How is Alzheimer’s disease treated?
Alzheimer’s is complex, and it is therefore unlikely that any one drug or other intervention will successfully treat it in all people living with the disease.
Scientists are exploring many avenues to delay or prevent the disease as well as to treat its symptoms. In ongoing clinical trials, scientists are developing and testing several possible interventions. Under study are drug therapies aimed at a variety of disease interventions, as well as nondrug approaches such as physical activity, diet, cognitive training, and combinations of these. Just as we have many treatments for heart disease and cancer, we will likely need many options for treating Alzheimer’s. Precision medicine — getting the right treatment to the right person at the right time — will likely play a major role.
Current approaches to treating Alzheimer’s focus on helping people maintain mental function, treating the underlying disease process, and managing behavioral symptoms.
Medications to maintain mental function in Alzheimer’s disease
Several medications are approved by the U.S. Food and Drug Administration (FDA) to treat symptoms of Alzheimer’s. Donepezil, rivastigmine, and galantamine are used to treat the symptoms of mild to moderate Alzheimer’s. Donepezil, memantine, the rivastigmine patch, and a combination medication of memantine and donepezil are used to treat moderate to severe Alzheimer’s symptoms. All of these drugs work by regulating neurotransmitters, the chemicals that transmit messages between neurons. They may help reduce symptoms and help with certain behavioral problems. However, these drugs don’t change the underlying disease process. They are effective for some but not all people and may help only for a limited time.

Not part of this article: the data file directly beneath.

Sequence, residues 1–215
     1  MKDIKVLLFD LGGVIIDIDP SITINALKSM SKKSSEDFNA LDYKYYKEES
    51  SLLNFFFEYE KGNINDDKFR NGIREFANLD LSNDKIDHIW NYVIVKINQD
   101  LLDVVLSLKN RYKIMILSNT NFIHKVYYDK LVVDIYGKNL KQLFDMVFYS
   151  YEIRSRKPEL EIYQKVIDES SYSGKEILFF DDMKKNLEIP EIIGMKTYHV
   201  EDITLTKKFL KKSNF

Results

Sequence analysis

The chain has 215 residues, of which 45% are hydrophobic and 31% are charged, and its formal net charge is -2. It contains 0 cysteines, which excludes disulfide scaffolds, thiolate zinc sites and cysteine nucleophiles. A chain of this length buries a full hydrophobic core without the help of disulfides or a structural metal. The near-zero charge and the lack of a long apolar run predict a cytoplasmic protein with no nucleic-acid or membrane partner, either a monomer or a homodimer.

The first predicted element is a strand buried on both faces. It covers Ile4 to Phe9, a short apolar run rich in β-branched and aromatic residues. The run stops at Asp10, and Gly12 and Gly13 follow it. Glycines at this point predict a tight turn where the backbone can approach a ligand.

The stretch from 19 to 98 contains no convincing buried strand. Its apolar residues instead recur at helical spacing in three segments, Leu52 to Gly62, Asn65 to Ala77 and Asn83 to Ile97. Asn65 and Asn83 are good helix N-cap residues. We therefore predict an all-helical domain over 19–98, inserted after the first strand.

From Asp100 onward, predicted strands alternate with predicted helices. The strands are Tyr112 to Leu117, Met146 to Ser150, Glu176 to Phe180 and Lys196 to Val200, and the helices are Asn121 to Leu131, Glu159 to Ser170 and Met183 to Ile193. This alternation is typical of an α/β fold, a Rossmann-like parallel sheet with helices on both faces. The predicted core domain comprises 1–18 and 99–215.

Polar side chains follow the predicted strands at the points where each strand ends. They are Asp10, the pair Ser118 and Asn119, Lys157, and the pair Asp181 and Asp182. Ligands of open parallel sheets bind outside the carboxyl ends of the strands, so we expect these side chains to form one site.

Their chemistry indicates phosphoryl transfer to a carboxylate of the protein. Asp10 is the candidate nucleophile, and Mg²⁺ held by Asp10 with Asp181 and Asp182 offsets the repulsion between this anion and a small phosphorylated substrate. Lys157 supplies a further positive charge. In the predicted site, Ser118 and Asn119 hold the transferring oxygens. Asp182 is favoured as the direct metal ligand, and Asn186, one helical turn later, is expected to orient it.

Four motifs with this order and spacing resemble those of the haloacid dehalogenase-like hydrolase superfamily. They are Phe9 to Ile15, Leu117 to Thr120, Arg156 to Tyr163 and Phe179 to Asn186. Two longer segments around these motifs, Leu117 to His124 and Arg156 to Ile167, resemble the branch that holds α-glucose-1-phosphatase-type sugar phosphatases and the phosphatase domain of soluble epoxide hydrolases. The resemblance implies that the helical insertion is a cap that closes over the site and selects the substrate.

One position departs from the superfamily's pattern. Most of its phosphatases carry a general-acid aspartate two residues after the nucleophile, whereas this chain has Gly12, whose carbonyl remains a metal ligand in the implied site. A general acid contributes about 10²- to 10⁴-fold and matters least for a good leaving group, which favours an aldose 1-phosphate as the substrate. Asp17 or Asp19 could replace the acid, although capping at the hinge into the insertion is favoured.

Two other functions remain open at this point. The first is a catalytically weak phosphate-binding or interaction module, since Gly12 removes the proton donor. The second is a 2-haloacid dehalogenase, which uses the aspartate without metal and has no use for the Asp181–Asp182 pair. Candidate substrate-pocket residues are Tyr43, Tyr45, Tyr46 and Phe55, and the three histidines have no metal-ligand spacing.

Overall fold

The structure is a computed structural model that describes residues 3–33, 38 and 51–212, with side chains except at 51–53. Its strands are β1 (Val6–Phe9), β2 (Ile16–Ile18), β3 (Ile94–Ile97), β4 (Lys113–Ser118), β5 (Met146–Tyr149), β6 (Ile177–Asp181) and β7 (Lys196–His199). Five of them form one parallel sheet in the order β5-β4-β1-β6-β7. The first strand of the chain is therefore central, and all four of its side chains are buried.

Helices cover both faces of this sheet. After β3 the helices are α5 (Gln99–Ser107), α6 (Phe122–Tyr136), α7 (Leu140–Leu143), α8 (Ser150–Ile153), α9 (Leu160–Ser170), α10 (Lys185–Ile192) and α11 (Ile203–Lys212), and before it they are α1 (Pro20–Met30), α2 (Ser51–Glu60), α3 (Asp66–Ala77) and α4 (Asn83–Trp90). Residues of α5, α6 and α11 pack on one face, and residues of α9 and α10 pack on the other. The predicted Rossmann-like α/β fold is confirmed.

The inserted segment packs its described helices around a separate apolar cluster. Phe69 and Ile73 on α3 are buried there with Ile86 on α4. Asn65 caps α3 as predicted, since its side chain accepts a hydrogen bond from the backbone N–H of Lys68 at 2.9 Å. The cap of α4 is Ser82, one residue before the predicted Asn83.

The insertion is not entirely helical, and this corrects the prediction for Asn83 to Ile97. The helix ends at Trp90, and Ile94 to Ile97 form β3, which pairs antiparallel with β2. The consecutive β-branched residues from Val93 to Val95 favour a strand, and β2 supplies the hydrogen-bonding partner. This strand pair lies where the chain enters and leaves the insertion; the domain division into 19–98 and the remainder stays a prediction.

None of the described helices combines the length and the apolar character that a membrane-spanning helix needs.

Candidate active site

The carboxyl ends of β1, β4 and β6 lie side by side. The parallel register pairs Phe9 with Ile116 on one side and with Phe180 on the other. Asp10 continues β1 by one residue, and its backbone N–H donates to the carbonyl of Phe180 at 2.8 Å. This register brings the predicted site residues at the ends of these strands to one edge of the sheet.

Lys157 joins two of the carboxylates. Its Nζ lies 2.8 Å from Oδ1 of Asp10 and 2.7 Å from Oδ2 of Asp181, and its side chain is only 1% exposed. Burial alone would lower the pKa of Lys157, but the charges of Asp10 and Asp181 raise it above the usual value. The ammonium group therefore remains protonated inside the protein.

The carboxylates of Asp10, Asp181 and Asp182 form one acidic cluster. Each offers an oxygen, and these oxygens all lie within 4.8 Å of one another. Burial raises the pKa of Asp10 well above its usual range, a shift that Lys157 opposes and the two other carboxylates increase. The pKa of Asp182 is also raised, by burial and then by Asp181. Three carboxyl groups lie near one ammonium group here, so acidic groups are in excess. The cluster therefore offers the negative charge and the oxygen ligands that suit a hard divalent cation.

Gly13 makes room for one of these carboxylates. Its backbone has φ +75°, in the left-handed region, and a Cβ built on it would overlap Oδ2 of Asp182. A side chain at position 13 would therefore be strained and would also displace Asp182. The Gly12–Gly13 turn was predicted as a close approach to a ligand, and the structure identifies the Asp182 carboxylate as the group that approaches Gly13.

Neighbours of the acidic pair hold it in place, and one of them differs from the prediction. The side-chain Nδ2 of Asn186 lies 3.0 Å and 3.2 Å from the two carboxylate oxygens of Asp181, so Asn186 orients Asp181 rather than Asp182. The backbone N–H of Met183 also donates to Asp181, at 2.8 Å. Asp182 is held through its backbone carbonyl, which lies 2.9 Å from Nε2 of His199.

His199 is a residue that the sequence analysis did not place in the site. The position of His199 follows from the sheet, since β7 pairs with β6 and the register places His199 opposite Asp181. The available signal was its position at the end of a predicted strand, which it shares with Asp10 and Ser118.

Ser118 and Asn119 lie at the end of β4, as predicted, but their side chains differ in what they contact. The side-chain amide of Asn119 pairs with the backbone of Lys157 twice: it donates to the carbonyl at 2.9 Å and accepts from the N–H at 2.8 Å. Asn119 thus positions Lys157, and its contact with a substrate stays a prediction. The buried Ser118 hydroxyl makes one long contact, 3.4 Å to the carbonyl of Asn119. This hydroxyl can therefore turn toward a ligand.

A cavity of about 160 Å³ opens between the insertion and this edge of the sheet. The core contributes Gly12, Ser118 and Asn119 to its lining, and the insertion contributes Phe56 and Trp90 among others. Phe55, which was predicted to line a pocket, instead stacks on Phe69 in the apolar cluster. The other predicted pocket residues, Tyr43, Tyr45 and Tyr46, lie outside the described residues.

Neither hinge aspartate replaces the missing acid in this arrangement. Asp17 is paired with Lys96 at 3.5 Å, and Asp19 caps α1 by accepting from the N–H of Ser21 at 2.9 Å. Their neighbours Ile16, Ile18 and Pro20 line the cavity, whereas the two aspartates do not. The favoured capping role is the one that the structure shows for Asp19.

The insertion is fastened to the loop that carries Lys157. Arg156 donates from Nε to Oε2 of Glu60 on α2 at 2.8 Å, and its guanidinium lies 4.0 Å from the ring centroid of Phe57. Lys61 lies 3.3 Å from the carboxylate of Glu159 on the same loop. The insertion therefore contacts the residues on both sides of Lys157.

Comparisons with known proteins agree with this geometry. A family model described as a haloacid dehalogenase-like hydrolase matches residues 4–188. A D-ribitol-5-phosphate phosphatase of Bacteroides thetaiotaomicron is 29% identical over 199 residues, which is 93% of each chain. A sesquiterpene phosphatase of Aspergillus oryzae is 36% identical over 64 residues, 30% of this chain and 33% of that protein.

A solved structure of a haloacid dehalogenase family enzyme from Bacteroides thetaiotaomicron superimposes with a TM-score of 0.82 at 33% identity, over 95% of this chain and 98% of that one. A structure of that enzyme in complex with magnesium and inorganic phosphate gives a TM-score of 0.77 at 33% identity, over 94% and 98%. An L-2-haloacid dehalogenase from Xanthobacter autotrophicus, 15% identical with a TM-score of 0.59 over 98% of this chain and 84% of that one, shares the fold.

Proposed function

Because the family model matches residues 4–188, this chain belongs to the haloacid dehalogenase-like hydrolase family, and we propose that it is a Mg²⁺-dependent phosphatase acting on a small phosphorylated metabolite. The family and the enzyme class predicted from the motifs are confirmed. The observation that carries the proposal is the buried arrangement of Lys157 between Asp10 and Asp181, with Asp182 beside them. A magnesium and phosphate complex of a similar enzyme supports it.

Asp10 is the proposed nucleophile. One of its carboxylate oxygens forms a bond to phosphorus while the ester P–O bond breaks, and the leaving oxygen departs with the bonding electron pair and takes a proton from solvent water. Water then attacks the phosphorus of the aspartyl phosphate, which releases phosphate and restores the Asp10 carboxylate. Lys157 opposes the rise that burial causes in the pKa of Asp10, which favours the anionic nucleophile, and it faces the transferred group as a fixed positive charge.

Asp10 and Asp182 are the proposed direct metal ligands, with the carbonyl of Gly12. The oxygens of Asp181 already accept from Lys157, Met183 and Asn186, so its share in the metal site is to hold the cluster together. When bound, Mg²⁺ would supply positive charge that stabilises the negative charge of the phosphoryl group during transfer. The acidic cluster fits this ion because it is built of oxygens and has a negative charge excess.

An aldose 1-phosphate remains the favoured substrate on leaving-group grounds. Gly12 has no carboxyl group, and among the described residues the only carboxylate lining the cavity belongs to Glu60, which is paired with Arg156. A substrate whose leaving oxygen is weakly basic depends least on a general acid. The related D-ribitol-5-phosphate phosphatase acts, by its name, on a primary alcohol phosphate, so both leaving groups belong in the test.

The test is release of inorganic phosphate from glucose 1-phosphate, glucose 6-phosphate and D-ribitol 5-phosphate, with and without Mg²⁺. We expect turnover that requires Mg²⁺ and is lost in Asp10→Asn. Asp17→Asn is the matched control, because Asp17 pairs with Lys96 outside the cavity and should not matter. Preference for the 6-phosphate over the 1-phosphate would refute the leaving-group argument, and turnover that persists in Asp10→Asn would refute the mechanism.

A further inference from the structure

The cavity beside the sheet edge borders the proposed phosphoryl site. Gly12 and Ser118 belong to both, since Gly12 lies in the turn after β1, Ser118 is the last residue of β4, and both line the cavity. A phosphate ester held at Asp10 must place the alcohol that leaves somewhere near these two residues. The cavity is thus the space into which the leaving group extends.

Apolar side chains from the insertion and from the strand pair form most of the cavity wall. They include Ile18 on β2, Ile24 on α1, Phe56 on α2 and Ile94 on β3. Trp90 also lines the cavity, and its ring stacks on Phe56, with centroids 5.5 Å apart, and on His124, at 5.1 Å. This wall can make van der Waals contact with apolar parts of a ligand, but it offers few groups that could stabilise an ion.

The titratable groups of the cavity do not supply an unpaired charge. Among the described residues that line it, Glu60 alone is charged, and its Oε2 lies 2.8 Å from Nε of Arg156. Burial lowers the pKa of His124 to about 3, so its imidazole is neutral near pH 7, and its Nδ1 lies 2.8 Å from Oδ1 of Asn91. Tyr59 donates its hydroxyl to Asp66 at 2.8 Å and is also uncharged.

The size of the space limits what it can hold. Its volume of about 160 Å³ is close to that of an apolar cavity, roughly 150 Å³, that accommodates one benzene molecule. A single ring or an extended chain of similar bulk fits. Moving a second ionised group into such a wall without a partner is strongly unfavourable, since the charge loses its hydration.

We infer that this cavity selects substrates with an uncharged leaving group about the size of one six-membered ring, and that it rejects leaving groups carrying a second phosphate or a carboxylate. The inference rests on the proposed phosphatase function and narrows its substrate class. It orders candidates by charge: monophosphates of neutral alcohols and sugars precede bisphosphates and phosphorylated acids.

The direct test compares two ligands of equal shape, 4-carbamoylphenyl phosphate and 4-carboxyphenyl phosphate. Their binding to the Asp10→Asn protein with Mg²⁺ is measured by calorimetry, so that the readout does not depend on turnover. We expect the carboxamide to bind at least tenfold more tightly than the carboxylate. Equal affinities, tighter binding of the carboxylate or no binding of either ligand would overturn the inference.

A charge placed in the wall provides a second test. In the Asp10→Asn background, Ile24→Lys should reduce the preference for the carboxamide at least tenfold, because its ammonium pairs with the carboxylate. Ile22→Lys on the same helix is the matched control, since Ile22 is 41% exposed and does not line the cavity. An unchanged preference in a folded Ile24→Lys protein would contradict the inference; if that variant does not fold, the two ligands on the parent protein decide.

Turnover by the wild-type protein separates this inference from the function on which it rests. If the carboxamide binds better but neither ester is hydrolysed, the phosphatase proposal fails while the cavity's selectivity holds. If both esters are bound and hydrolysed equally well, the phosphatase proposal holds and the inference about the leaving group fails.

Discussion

Medications to treat the underlying Alzheimer’s disease process
Aducanumab is the first disease-modifying therapy approved by the FDA to treat Alzheimer’s disease. The medication helps to reduce amyloid deposits in the brain and may help slow the progression of Alzheimer’s, although it has not yet been shown to affect clinical outcomes such as progression of cognitive decline or dementia. A doctor or specialist will likely perform tests, such as a PET scan or analysis of cerebrospinal fluid, to look for evidence of amyloid plaques and help decide if the treatment is right for the patient.
Aducanumab was approved through the FDA’s Accelerated Approval Program. This process requires an additional study after approval to confirm the anticipated clinical benefit. If the follow-up trial fails to verify clinical benefit, the FDA may withdraw approval of the drug. Results of the phase 4 clinical trial for aducanumab are expected to be available by early 2030.
Several other disease-modifying medications are being tested in people with mild cognitive impairment or early Alzheimer’s as potential treatments.